New generation killer mutant tick on the loose in Siberia
Scientists from the Russian Academy of Science have identified a new tick in the forests around the city of Novosibirsk in Siberia. First spotted in 2009, genome sequencing has confirmed it's neither the Taiga tick nor the Pavlovsky tick but a hybrid. Frighteningly, it has inherited both of its parents' capacity to do severe damage.
Meet the killer parents
The taiga tick – Latin name Ixodes persulcatus – used to be dominant in the taiga and pre-taiga regions of Russia, and it can do serious harm.
It's a carrier of the virus that causes tick encephalitis, whose complications include meningitis. The disease is incurable, and there is no specific drug therapy, only steroids can alleviate symptoms. Tracheal intubation and respiratory support may be necessary. According to the CDC, "the Siberian subtype of tick encephalitis has a case-fatality ratio of 6%-8%". It causes long-lasting to permanent neuropsychiatric problems in 10-20% of infected patients.
The taiga tick also carries the bacteria rickettsia which gives Siberian tick typhus, causing fever, eschar, or black wound, (see photo), the swelling of lymph nodes, and a rash.
As a parting shot, 30-40% of ticks in Russia are carriers of borrelia, the bacteria responsible for the dreaded Lyme disease. If untreated, this can cause arthritis, facial palsy, inflammation of the brain or severe headaches.
The closely related Pavlovsky's tick – Latin name Ixodes pavlovskyi – is a carrier of the same diseases. Scientists from Tomsk State University claim that Ixodidae ticks can carry around 30 diseases, including West Nile fever, which was thought to be transmitted only by mosquitoes. The conditions they carry are also harmful to dogs.
Both Taiga and Pavlovsky's ticks like the same habitat of deciduous and mixed forests, forest river valleys and streams. Both reach peak activity in May-June.
The problem is that Pavlovsky's tick needs less blood than its Taiga cousin for reproduction and thus feeds on smaller animals, such as birds, that live in close contact with people. In contrast, the Taiga tick needs large animals such as elk, to reproduce, which tend to live in more remote areas. Thus Pavlovsky's tick tends to attack people more.
But how did they become an item?
Pavlovsky's tick used to be rarely seen in the forests around Novosibirsk, preferring the foothills of Primorsky Krai, the hilly plains of the Altai and Salair Ridge. However, since the turn of the century, it's been frequently spotted around Novosibirsk, and around Tomsk.
"It's possible the hybrid came about because both types of tick live side by side on one territory, as in the Primorsky territory. However, I must point out that there are very few hybrids there, and in the Altai, there aren't as many as here in the Novosibirsk Region. Also in the 1930-1970s, next to Akademgorodok (a district inside Novosibirsk) there were anti-tick clearance operations, maybe that's when the Taiga ticks were kicked out, and, while the habitat was empty Pavlovsky's tick moved in. Then after a while, the Taiga tick was as numerous as before the clearances, and a crossing occurred", Nina Tikunova, head of the molecular microbiology laboratory of the Institute of Chemical Biology and Fundamental Medicine of the Siberian Region Russian Academy of Science, told Science in Siberia.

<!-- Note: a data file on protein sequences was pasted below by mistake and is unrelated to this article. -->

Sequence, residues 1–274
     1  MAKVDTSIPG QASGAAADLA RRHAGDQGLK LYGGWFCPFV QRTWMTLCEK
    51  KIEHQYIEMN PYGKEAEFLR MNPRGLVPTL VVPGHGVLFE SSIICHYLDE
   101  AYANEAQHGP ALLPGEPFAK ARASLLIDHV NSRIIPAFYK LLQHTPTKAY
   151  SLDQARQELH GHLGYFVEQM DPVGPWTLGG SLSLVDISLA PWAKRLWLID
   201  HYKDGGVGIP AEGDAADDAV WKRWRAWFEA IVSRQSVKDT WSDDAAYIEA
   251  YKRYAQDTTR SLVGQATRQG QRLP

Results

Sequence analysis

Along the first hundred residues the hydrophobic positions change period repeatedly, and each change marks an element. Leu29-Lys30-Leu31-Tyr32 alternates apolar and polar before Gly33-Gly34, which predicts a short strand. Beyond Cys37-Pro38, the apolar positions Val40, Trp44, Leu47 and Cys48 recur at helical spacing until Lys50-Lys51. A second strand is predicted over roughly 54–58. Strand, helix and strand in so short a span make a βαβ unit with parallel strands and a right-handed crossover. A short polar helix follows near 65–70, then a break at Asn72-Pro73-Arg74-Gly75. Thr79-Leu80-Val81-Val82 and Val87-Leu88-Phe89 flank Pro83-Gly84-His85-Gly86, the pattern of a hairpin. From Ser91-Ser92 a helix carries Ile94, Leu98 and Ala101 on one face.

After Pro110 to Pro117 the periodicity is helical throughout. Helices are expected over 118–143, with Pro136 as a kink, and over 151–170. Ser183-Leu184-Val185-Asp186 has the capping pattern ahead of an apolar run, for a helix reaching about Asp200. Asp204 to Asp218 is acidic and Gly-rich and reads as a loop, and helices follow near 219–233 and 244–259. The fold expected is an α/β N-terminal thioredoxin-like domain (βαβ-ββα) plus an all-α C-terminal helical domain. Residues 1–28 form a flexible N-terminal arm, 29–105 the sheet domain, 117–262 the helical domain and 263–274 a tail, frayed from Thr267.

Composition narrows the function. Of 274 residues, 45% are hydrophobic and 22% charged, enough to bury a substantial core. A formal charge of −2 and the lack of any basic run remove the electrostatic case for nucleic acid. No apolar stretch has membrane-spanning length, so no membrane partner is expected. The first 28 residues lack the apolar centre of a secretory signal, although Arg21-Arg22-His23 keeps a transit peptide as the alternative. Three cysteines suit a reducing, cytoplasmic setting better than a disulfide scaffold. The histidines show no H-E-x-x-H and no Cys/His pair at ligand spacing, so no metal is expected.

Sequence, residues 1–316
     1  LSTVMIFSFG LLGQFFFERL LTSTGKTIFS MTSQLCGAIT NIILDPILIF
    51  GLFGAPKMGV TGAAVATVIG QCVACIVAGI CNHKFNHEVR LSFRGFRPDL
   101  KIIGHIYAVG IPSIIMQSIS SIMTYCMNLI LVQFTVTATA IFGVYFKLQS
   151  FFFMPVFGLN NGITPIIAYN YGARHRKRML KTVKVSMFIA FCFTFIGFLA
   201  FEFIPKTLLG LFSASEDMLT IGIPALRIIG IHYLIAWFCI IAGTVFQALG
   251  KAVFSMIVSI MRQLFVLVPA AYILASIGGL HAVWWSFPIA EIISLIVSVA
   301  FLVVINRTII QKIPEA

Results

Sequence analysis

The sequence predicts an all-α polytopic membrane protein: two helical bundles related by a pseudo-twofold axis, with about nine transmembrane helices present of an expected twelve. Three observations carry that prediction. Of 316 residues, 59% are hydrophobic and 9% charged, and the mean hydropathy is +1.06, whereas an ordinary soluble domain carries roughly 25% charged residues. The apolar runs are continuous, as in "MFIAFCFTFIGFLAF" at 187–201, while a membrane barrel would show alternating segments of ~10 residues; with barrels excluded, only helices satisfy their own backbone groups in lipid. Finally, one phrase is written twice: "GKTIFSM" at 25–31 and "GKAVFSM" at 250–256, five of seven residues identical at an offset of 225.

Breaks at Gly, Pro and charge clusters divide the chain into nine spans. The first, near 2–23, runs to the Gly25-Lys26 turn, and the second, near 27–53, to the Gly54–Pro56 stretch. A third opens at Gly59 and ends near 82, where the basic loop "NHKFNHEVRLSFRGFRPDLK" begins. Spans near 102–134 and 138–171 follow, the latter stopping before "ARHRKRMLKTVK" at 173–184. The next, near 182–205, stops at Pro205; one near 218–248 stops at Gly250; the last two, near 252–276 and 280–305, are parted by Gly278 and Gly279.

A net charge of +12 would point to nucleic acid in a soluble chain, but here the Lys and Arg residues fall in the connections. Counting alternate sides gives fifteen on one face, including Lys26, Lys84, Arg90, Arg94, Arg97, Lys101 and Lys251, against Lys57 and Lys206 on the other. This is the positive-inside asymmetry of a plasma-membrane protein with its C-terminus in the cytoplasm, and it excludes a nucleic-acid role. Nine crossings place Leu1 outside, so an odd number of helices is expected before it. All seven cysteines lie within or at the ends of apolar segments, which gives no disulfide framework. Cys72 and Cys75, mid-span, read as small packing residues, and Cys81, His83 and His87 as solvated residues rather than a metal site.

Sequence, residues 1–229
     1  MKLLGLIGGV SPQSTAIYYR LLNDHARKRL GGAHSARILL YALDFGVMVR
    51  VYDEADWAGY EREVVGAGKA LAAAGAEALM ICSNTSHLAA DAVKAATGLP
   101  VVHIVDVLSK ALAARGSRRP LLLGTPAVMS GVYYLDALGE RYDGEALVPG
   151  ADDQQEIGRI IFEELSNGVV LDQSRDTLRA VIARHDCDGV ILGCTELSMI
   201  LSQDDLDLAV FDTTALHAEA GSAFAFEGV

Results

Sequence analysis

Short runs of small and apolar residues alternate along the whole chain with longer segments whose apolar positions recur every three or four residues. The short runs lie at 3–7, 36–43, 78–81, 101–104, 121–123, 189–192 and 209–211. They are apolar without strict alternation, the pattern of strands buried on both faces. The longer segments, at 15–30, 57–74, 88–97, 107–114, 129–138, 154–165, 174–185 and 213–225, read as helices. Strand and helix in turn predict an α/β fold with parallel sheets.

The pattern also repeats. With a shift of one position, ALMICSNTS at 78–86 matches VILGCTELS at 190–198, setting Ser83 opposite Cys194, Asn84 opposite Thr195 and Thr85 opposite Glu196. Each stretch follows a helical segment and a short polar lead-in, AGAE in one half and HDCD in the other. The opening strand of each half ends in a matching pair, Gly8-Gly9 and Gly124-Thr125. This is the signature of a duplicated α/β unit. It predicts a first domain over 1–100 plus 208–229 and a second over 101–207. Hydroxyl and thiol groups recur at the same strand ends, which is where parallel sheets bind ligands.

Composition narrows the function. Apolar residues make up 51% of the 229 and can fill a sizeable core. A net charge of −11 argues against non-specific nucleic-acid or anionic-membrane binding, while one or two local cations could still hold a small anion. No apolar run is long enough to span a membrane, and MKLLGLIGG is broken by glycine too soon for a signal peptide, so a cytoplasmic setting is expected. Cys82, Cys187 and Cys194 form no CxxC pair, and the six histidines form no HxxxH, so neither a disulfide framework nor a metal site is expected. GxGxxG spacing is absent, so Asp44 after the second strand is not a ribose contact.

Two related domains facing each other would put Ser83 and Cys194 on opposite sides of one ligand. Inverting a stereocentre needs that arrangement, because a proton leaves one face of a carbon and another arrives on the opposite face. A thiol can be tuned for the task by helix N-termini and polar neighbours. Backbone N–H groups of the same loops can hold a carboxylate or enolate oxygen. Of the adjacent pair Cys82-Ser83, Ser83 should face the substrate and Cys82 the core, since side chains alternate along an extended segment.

"What's very important is that it turned out to be fertile. Most likely, the reason is that in one of the hybridisations, a very fortunate combination if genes occurred", Nina Tikunova points out.
For this reason, scientists are monitoring the mutant monster with great interest, to see how far it spreads, and what diseases it passes onto humans and animals.
"When viruses enter a new habitat, introgression can happen, that is the exchange of genetic material. The result is that new variants of a virus appear that lose some old properties and acquire new ones, for example, their ability to cause disease or the way an illness progresses within a person. Therefore, it goes without saying, hybrid ticks require special attention", the head of the Biodiversity Monitoring Laboratory at the Biology Institute of Tomsk State University, Nina Moskitina, explained to Novosibirsk Komsomolskaya Pravda.
To avoid getting infected, doctors recommend avoiding forest walks in the ticks' high season. If you still want to risk it, you need to be covered entirely, with your shirt tucked in your trousers, and the pants tucked in your socks. Light coloured clothing is recommended, so the ticks are more visible when you and your walking partners inspect each other every thirty minutes.
A toxic spray should be used on clothes, which is more effective than using repellent on your skin. If a tick bites, you should remove it very carefully and keep it alive in a jar, or deep-frozen, for lab tests.